M&A Vocabulary – Experts explain: Bank Guarantee


published on 17 May 2023 | reading time approx. 2 minutes


In this ongoing series, a number of different M&A experts from the global offices of Rödl & Partner present an important term from the specialist language of the mergers and acquisitions world, combined with some comments on how it is used. We are not attempting to provide expert legal precision, review linguistic nuances or present an exhaustive definition, but rather to give or refresh a basic understanding of a term and provide some useful tips from our consultancy practice.

The basic elements of a transaction process include agreeing on the purchase price and allocating risks between the parties. For this purpose, it is possible to use contractual structures, such as warranties, or purchase price mechanisms, but the parties are not always able to reach an agreement about it. Depending on whether the parties agree on a fixed or a preliminary purchase price, especially the buyer might become exposed to certain risks if there are changes in the target between signing and closing. Warranty and indemnity claims of the buyer are often secured by a purchase price retention or by means of an escrow account or a blocked bank account. To avoid such a retention, the seller can, for example, provide a bank guarantee to secure potential claims of the buyer. 

A bank guarantee is an irrevocable commitment by a bank to stand in for a company's or an individual’s debts as part of a transaction if certain conditions are met. A bank guarantee refers to a specific amount and a specific period and specifies the conditions under which it applies to the contract. It is an abstract promise to pay which exists independently of the underlying transaction. The issuing bank usually requires the party for which the guarantee is being issued to provide a counter-guarantee or other form of security and to pay a fee. The bank guarantee thus serves as a risk management tool for the beneficiary, as the bank assumes liability for the performance of the contract.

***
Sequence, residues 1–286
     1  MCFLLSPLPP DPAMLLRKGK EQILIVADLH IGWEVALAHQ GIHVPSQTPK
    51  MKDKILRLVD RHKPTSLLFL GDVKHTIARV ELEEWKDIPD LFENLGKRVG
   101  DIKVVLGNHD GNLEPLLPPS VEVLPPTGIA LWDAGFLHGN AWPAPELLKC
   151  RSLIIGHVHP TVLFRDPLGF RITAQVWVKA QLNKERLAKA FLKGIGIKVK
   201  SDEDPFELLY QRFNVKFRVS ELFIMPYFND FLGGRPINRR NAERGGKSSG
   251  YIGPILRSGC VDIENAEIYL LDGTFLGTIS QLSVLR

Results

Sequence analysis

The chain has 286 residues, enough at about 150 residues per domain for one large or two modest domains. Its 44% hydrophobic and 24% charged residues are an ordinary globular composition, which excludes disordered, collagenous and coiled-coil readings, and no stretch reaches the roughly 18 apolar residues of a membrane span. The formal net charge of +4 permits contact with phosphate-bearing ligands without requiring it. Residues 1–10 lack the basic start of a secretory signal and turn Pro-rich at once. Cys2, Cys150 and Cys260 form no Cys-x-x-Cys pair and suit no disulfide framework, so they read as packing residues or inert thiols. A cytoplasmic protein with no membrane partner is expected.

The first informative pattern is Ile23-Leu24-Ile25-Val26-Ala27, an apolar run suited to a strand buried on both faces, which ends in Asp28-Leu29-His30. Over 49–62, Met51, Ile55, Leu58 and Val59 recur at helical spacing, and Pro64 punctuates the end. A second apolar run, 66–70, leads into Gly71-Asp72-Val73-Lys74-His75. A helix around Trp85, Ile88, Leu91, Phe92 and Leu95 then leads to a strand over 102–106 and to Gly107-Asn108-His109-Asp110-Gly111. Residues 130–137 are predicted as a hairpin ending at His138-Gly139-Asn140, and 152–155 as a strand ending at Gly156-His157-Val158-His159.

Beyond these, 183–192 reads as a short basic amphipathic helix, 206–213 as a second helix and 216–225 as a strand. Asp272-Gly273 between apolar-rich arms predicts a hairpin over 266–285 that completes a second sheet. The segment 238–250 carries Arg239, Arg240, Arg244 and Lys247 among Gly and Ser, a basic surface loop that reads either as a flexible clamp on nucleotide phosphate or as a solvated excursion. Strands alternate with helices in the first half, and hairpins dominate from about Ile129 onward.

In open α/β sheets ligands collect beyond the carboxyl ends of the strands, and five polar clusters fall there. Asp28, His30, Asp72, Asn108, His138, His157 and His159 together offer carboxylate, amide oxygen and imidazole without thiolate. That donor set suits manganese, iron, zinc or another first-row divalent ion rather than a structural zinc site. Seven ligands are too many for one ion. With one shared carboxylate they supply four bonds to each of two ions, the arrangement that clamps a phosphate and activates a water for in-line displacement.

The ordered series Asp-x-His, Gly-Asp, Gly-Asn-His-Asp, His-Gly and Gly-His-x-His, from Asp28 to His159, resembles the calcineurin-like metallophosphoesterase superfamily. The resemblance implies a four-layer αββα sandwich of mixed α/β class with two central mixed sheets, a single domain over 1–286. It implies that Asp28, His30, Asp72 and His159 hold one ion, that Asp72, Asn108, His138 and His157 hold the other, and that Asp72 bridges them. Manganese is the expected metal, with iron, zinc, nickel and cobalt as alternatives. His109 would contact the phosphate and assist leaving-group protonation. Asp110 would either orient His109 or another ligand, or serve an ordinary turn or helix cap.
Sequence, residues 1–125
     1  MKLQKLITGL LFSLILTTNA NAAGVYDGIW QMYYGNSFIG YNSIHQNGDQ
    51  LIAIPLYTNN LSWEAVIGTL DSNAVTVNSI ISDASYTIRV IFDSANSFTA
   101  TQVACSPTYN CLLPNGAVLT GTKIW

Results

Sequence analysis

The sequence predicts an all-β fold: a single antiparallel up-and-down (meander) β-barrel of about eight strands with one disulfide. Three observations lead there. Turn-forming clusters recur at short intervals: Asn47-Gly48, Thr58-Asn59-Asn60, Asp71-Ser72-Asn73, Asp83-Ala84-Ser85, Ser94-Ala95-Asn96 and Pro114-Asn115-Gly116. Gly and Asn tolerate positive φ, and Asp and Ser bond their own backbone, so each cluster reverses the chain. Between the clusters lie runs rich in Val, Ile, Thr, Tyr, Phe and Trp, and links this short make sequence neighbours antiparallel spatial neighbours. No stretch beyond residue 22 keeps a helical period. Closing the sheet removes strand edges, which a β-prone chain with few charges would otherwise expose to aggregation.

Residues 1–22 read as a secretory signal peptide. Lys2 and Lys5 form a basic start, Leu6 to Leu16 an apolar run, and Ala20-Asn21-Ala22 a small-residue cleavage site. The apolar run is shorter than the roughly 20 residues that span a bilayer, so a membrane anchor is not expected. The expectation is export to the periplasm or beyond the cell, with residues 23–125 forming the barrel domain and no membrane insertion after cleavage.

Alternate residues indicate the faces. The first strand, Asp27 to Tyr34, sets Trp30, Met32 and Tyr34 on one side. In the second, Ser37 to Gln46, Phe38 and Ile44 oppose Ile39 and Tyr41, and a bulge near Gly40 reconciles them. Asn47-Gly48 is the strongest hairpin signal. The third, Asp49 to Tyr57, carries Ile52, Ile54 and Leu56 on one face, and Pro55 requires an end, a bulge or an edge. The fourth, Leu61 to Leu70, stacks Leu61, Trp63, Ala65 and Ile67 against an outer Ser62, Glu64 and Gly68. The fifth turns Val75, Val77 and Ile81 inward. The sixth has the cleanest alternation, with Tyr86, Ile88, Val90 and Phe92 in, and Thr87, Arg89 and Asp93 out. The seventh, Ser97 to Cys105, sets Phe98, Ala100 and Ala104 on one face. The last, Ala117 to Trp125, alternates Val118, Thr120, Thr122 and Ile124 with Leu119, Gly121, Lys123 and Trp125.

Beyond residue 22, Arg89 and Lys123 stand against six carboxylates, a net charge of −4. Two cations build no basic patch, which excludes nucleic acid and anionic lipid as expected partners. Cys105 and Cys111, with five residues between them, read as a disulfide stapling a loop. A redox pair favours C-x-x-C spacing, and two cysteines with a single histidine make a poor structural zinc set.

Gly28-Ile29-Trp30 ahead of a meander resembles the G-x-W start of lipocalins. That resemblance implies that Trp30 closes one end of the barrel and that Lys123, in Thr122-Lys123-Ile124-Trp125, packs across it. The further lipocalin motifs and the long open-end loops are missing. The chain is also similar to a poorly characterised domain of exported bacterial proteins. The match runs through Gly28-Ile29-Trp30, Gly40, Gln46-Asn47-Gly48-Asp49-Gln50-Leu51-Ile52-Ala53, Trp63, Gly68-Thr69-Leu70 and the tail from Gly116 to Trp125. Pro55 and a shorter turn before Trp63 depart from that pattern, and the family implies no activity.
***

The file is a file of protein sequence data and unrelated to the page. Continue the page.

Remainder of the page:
In the case of foreign bank guarantees, for example in cross-border transactions, a correspondent bank operating in the beneficiary's country may also be involved as a fourth party. Hence, there is a distinction between (i) a direct guarantee, which the bank of the obligor issues directly to the beneficiary, and (ii) an indirect guarantee, in which a second bank is involved. The latter is often selected if the beneficiary wants additional security, because, for example, there are concerns about the creditworthiness of the banks in the country of the obligor, other country risks should be mitigated, or regulatory requirements need to be met. The funds are paid not directly to the beneficiary but to the bank. Then, the correspondent bank transmits the amount to the beneficiary of the guarantee. 

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